The most important Irish man in 2015 is not Enda Kenny, or Paul O’Connell or Bono – it is Ireland’s rather less well-known ambassador to the UN, David Donoghue.
Why would this be the case? Because this year he co-manages, along with Ambassador Macharia from Kenya, an unprecedented global process on behalf of everyone on the planet. Their aim is to get UN agreement on a visionary set of goals to eradicate extreme poverty and hunger, fight corruption, and transform the global economy towards a more sustainable growth path.
No pressure, then.
I hope David got a good break over the holidays because he’ll need a lot of energy in the months ahead. And he will need to hear from citizens across the country, and around the world, on the importance of the decisions he is making on behalf of us all.
Making extraordinary things happen
If we press David and his peers to get a good compact agreed this year, then we will see extraordinary things happen. This will mean helping developing countries with more effective aid, trade, investment, policies and helping citizens within developing counties – and indeed all of us – to hold leaders accountable for the delivery of these promised polices.
If we get this package agreed then, by 2030, one billion more people might lift themselves out of extreme poverty; three million fewer kids might die each year from preventable treatable diseases; every girl could access decent schooling, and vast regions of drought-prone countries would be re-afforested and soil health renewed to help farmers fight against hunger and climate change.
Some may be sceptical about these big global plans and what they achieve. But we have more form than many think when it comes to progress in the fight against extreme poverty.
In 2000 the Millennium Development Goals were agreed and have helped galvanise support around the world which, in turn, has helped groups like ONE campaign for billions more euros in the fight against extreme poverty, made sure the money was better spent than before, cancelled over a hundred billion euros in African debt and promoted more transparency in investment and governance. All this has helped developing nations dramatically reduce child mortality and deaths from Aids, TB and malaria, and with over 50 million more children going to school. Globally extreme poverty has been halved since 1990, and could be virtually eradicated by 2030 – if we get this right
Press politicians to agree on better policies
Because the stakes are so high today, a global movement has been launched by the likes of Malala Yousufzai, Bill and Melinda Gates and over one thousand NGOs around the world. It’s called action2015 and it’s calling upon you and everyone you’ve ever met, your friends and your family, to be great global citizens and join groups like Dochas and ONE to press politicians to agree better policies – and then stick to them.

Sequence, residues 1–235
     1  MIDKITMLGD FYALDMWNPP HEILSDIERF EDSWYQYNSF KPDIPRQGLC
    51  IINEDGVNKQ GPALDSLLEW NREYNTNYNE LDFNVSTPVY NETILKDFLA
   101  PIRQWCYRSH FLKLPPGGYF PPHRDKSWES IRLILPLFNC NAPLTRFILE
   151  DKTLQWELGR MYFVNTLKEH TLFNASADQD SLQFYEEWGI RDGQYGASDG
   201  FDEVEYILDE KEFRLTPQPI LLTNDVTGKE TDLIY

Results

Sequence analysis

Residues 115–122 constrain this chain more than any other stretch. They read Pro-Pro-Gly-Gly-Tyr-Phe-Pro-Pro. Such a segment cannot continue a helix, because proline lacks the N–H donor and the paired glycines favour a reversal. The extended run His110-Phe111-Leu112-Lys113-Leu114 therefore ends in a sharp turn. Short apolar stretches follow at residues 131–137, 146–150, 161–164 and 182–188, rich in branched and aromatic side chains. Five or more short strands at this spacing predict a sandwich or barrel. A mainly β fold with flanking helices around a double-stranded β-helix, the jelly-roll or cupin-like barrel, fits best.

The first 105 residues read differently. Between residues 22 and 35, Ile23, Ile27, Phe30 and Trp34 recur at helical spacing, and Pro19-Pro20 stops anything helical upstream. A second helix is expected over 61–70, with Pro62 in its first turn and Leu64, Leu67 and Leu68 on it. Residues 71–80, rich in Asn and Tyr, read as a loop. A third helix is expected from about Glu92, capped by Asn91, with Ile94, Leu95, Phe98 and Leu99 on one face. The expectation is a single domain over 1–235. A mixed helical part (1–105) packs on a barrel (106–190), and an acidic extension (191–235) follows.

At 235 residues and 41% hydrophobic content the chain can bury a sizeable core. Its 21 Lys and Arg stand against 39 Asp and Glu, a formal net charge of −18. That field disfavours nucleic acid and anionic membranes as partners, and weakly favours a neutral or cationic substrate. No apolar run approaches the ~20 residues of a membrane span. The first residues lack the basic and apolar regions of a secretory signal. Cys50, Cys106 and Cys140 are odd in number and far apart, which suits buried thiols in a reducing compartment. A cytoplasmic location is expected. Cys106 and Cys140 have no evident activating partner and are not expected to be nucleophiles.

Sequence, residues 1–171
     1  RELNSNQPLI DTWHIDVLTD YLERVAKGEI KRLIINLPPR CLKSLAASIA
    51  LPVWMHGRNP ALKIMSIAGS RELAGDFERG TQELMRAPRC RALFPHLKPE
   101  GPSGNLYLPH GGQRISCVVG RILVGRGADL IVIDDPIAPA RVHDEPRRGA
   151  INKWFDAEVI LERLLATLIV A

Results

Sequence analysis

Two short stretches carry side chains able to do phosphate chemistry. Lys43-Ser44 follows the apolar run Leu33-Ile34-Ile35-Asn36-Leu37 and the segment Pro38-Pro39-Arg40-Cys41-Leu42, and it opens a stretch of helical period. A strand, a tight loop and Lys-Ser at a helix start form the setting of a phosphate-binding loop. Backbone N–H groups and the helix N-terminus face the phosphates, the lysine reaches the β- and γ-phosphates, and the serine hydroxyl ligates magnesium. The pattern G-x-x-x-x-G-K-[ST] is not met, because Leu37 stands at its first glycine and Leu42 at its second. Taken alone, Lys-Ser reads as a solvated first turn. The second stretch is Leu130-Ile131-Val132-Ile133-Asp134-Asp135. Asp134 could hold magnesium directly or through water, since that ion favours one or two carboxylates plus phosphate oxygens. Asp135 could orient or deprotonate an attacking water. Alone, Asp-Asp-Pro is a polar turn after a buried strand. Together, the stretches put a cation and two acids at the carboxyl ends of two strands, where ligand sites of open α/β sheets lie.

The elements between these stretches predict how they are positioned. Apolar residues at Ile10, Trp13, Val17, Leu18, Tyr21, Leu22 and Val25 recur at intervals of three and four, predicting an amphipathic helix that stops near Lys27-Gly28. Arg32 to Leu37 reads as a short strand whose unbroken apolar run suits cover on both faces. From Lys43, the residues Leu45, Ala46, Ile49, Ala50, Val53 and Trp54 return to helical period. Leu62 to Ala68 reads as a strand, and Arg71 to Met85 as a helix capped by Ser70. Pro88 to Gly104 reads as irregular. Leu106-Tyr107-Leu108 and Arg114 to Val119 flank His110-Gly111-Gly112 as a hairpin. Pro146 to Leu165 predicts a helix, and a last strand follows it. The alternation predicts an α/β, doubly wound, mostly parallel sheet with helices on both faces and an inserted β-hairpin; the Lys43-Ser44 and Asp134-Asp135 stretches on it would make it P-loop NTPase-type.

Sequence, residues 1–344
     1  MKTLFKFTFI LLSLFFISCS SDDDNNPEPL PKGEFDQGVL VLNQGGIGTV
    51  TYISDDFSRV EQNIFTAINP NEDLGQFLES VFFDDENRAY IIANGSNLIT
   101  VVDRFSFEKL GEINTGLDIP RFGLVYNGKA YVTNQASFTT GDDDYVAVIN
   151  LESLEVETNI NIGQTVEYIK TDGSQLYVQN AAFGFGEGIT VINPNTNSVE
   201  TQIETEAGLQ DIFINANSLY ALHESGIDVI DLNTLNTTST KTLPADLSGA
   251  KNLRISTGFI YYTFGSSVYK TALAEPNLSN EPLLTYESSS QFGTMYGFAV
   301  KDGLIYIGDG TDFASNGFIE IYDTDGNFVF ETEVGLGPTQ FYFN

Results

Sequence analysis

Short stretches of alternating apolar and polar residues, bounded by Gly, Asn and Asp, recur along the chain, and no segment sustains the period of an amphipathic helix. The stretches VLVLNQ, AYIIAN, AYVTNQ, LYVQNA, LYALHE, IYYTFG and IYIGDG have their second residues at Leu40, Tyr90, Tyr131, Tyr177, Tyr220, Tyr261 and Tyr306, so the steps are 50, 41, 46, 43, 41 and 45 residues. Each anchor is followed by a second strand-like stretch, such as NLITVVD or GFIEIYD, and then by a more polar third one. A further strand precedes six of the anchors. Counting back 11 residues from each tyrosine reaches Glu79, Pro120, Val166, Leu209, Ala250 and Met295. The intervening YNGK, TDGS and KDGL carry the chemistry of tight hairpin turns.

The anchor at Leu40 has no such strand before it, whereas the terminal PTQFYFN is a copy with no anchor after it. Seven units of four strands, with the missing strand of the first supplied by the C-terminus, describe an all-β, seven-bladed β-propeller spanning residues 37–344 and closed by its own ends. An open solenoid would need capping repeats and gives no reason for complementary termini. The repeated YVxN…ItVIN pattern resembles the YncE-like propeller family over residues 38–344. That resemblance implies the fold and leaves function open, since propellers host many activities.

In particular, we are demanding a revolution in financing for development in 2015, a disruptive breakthrough in transparency that shows how the world is run, a radical improvement in the availability of information – especially in the developing world, but also in places like Ireland’s Financial Services Centre and the City of London.
Citizens need to be able to be able to follow the money, to see not just where aid goes to save lives, but also the far bigger sums involved in how investments flow to buy natural resource extraction contracts, who owns which secretive anonymous shell company to help hide stolen money, and the trail from resources to results – or lack of them.
If a new global movement of citizens demands this revolution in transparency and data, and ensures this is at the heart of the new global goals that Donoghue is negotiating, we citizens will be able to hold power accountable better than ever before.
The Irish have always been great global citizens, giving more than half aid to the poorest nations and keeping to aid promises even in the hardest times. This movement believes passionately that new technology married with the oldest resource known to humanity – our thirst for fairness and justice – can unite a renewed, connected, informed and effective movement of activist citizens from around the world. Citizens who together, through their actions, must help point the world away from some of the darker trends that have shocked us all – from Ebola to acts of extremism – and towards a better safer word for us all.
So let’s not just hope Paul O’ Connell lifts the rugby world cup this year – but also that David O’ Donoghue holds aloft a great new global social contract to inspire us all.
action/2015 is calling on the public to join them in their calls to ensure world leaders commit to a better world. Throughout 2015, the campaign will provide ways for everyone everywhere to get involved in influencing the outcomes of these global debates For more information please visit www.action2015.org